MCC Health Officer says implementing COPTA will ‘overburden’ corporation
It is common to see boards of cigarette or gutka brands prominently displayed at small shops and shops. Though it has been more than four years since the approval of the rules for Control of Tobacco Products Act (COTPA), 2004, which apart from public smoking also prohibit tobacco-related advertisements, the rules are apparently not enforced in the city.
Apart from official apathy to the issue, there is very little awareness among shopkeepers.
A large cross-section of shopkeepers and traders who spoke to The Hindu said the companies had offered to create a back-lit with the shop name and the brand logo. While some shops obtained these banners before the implementation of the rules in 2008, many got them recently.
A shopkeeper in Jeppu said a tobacco company paid around Rs. 50,000 to spruce up his paan stall. Now, a large logo of the cigarette brand overlooks the road.
These are in clear violation of Section 5 of the Act, which states that “no person engaged in, or purported to be engaged in the production, supply or distribution of cigarettes or any other tobacco products shall advertise… display, cause to display, or permit or authorise to display any advertisement of cigarettes or any other tobacco product.”
The penalties of violation, lists the Act, include two years in prison or Rs. 1,000 fine (for first conviction); or five years or fine up to Rs. 5,000 for the second conviction. Repeated convictions can involve revoking of trade licence and seizing of property.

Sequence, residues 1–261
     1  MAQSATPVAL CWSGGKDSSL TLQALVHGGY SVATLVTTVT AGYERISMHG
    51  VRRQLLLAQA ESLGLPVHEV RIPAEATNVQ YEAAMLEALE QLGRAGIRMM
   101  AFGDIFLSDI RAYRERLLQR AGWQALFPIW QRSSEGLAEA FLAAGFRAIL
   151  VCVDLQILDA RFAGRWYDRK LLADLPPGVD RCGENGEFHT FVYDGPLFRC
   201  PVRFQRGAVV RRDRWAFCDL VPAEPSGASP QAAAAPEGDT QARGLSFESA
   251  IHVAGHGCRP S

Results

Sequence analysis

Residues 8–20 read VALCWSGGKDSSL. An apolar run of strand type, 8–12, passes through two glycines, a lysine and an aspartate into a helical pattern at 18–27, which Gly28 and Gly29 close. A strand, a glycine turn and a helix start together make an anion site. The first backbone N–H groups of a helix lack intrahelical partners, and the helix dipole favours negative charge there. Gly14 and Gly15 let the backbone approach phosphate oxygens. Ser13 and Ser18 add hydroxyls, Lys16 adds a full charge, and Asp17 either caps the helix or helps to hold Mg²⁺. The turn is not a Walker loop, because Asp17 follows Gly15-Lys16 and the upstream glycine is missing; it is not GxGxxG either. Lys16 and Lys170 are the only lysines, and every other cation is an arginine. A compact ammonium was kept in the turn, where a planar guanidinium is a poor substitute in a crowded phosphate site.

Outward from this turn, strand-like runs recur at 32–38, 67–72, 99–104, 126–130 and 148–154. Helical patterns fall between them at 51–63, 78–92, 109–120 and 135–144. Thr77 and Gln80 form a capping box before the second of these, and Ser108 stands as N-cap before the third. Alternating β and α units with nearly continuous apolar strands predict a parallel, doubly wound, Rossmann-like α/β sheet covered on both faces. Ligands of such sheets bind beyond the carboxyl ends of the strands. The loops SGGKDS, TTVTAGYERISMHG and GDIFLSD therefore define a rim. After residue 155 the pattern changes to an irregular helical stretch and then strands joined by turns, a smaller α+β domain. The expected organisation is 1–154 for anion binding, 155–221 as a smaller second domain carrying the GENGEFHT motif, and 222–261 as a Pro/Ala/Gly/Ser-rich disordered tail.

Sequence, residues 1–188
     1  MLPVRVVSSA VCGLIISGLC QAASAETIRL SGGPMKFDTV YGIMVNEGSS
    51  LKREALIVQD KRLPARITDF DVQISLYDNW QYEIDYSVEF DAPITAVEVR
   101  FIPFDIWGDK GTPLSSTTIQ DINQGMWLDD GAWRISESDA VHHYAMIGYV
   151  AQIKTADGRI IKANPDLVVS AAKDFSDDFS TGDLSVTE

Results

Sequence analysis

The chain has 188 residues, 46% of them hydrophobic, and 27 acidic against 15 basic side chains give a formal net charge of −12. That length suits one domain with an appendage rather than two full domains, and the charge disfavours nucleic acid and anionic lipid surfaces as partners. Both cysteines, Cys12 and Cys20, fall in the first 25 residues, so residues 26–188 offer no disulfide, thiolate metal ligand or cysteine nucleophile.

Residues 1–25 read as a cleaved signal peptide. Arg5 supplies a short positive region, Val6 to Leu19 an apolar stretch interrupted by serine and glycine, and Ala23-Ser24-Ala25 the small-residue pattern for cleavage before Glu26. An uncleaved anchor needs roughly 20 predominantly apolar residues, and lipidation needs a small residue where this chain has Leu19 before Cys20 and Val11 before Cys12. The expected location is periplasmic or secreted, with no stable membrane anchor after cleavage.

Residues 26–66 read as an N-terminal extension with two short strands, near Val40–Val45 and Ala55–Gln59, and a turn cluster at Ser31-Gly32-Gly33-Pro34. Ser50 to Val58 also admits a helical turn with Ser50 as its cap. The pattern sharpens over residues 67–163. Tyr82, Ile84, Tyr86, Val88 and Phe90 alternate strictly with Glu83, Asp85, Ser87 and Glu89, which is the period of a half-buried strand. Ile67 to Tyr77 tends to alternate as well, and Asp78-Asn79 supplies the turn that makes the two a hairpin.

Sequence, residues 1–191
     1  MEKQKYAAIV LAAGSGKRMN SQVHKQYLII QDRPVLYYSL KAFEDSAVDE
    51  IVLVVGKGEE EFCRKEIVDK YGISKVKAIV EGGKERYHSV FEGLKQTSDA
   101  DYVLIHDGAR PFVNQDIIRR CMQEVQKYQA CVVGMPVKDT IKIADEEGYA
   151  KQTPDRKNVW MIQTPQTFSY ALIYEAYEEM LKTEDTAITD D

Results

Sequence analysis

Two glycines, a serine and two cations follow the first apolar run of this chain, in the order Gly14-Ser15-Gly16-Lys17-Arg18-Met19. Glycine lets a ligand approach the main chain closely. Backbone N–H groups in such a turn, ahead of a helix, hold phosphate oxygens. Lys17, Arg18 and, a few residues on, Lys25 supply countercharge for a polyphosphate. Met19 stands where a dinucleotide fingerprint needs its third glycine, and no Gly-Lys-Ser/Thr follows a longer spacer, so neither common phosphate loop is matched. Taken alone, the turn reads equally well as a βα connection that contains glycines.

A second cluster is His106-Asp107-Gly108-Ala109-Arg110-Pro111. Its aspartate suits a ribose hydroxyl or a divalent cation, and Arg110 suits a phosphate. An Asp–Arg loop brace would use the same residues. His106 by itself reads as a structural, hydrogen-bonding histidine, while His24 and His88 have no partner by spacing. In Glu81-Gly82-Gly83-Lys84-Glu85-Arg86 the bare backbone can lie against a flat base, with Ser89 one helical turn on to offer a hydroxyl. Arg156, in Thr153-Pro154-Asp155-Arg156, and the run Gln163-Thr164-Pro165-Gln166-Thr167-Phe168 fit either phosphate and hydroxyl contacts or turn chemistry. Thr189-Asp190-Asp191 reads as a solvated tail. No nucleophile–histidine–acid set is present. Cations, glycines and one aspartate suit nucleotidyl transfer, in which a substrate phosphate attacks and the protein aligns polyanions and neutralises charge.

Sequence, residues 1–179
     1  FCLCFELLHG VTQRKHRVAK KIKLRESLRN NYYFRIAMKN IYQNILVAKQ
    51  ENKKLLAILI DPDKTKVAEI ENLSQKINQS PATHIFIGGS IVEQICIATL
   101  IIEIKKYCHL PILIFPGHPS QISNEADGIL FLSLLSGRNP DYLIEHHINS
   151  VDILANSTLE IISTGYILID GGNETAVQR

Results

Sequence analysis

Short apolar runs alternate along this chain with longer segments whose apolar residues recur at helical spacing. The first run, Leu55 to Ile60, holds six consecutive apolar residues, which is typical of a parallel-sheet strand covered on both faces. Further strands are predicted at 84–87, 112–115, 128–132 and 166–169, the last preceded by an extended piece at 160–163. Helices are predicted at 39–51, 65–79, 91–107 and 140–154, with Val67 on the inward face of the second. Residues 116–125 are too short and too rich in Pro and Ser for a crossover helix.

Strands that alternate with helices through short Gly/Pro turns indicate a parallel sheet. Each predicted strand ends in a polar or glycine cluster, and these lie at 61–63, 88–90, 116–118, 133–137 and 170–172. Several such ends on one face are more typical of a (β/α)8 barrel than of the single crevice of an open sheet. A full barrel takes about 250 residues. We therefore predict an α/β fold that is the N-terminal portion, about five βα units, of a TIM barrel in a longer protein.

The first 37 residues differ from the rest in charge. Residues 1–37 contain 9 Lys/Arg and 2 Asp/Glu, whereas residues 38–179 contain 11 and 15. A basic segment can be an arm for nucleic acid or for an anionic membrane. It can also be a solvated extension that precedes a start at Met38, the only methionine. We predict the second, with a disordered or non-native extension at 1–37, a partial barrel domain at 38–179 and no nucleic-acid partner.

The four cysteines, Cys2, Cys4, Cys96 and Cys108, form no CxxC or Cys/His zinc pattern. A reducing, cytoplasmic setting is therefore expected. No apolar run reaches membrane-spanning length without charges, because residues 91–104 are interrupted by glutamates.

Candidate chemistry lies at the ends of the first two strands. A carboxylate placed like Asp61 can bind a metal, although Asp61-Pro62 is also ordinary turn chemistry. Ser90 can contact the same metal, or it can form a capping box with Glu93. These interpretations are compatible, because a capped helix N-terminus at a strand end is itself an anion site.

U.S. Vishal Rao, Director of the Cancer Prevention Project, Institute of Public Health, said these advertisements play an important role in influencing potential tobacco consumers.
At the point of sale, he said, it was important to make the consumers think twice before purchasing tobacco and to create awareness on the detrimental effects of tobacco consumption.
“Shops that sell cigarettes are supposed to display boards that pictorially depict the hazardous effects of consuming tobacco, and one more that says sale of tobacco to minors is prohibited. However, this is hardly seen…Instead, companies blatantly advertise,” he said.
He said that the onus of implementation was on the municipal councils, which had the power to revoke trade licences.
C.M. Sudarshan, in-charge Health Officer at the Mangalore City Corporation, said the implementation of COTPA had not yet started. “After the rules were framed, a couple of district-level meetings with the then Deputy Commissioner V. Ponnuraj were held.
It was decided to form an anti-tobacco cell, and there were discussions on where the fine amount, if collected, should be deposited. However, since then, nothing has been done on this front,” he said.
Though there is no proposal to implement the scheme, any implementation will be difficult as the department is facing staff shortage – out of 35 sanctioned posts, only eight officers have been appointed.
“We are already looking after the responsibilities of solid-waste management, monitoring the plastic ban, keeping in check communicable diseases. COTPA will be an overburden,” he said.